Filed under: Knowledge
A colleagueÃƒÂ¢Ã¢â€šÂ¬Ã¢â€žÂ¢s husband recently underwent a surgical procedure known as the ÃƒÂ¢Ã¢â€šÂ¬Ã…â€œIndian FlapÃƒÂ¢Ã¢â€šÂ¬? for reconstructing his nose. This was the first time I have heard of this 1000 year old technique, and on digging around the web a little, I finally found an article that sheds light on the history and the details of this wonderful procedure.
The first successful transfers of human tissues to heterotopic sites were done via what are now referred to as “pedicle” flaps. Such transfers are never even transiently deprived of their blood supply (2). The pedicle flap principle was initiated largely by trial and error at the time of its inception. In about 600 B.C., the Indian surgeon Susruta first described many types of facial flaps, including how flaps from the cheek, for example, could be used to repair the nose (3).
He wrote “…. first the leaf of a creeper, long and broad enough to fully cover the whole of the severed or clipped off part, should be gathered; and a patch of living flesh, equal in dimension to the preceding leaf should be sliced off from the region of the cheek.” The “Indian flap,” or forehead reconstructive rhinoplasty, was introduced later and performed near Delhi from 1000 AD until the 20th century by the same family–members of the brickmaker caste.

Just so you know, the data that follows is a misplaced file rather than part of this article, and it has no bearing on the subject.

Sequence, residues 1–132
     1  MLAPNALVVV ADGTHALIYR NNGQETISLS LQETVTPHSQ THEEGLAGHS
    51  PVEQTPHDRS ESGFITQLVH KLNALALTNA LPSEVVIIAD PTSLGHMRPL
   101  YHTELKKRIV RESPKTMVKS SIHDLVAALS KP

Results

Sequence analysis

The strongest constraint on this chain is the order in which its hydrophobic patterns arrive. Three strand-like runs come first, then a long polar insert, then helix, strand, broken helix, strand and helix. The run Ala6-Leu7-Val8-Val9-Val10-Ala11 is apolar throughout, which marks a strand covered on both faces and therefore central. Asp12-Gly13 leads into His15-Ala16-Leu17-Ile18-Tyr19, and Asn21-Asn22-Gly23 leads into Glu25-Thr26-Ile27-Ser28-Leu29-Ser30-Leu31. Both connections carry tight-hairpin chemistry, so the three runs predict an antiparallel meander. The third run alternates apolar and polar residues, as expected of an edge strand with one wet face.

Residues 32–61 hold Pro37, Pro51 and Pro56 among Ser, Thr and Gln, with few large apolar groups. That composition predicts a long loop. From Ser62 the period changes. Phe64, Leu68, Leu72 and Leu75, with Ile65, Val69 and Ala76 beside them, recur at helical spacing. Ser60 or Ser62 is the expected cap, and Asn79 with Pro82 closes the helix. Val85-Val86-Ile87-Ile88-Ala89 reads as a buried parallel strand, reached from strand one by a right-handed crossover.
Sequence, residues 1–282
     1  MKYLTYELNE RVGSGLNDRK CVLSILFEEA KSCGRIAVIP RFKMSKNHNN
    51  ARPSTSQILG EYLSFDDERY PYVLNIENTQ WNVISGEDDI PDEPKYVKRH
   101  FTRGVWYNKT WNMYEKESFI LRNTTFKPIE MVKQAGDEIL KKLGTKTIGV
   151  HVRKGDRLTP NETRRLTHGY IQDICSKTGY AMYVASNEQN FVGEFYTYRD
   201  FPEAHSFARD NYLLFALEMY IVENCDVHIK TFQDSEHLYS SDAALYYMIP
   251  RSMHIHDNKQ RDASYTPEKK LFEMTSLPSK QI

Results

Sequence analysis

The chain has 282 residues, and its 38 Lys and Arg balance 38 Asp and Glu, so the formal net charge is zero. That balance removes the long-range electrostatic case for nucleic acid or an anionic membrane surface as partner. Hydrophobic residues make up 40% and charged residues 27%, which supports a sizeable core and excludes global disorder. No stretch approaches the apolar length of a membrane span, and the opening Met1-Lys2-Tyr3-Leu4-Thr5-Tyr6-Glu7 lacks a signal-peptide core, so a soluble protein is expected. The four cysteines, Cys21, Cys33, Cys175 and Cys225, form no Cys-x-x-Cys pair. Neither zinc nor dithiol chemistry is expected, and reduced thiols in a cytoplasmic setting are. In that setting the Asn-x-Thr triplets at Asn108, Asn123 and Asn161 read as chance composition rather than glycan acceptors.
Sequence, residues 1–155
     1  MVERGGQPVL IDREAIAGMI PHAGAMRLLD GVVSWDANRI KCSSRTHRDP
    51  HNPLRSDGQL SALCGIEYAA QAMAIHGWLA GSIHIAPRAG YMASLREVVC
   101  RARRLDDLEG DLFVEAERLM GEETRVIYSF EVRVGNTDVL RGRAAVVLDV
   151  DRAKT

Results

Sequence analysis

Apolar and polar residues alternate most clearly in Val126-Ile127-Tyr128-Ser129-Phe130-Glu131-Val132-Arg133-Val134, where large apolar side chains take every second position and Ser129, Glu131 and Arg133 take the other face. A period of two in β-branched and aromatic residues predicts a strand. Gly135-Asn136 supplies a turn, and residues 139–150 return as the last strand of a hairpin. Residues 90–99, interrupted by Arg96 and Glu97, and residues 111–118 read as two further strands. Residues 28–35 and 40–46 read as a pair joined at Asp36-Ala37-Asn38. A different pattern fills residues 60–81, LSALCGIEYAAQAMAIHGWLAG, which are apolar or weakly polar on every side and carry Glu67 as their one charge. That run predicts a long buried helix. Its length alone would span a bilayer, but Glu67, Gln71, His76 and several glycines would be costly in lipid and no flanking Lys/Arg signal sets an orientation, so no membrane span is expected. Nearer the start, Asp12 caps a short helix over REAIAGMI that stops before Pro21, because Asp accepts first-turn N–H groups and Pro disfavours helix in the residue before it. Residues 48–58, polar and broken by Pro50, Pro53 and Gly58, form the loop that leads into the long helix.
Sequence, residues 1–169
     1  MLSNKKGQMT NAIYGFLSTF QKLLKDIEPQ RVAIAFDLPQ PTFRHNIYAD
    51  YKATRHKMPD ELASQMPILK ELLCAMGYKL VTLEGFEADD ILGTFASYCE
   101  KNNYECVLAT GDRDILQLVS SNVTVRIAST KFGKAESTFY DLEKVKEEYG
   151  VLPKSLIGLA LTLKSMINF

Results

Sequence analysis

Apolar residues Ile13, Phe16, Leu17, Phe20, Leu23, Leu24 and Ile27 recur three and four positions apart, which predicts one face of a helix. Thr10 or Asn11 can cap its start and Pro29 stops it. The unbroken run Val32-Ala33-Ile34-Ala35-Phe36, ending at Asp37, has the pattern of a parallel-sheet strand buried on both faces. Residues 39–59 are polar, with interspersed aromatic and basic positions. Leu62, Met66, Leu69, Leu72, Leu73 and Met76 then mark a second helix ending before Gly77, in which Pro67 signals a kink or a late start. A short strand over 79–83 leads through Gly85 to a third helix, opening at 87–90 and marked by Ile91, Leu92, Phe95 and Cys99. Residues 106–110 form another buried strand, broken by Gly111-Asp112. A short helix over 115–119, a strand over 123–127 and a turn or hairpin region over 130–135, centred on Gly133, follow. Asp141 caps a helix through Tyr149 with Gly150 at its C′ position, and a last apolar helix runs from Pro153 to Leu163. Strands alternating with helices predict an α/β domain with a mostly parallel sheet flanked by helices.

The technique was a treasured family secret: a daughter-in-law would be allowed to watch and assist, but a daughter, who might subsequently marry and take the secret outside the family, was prohibited from observing the procedure. Throughout the operation, the patient would be sitting upright to minimize blood loss, and prior to cutting the flap, a handkerchief would be briefly tightened as a tourniquet around the neck to visualize the congested veins of the forehead which would be included in the flap.
The contemporary use of the “Indian flap” for nasal reconstruction testifies to the practicality and success of a procedure which was first developed in the pre-Christian era. It appears to have taken centuries for the principle and the procedure to travel from its origin in India to Europe, where use of the technique was first documented in the fifteenth century (2).
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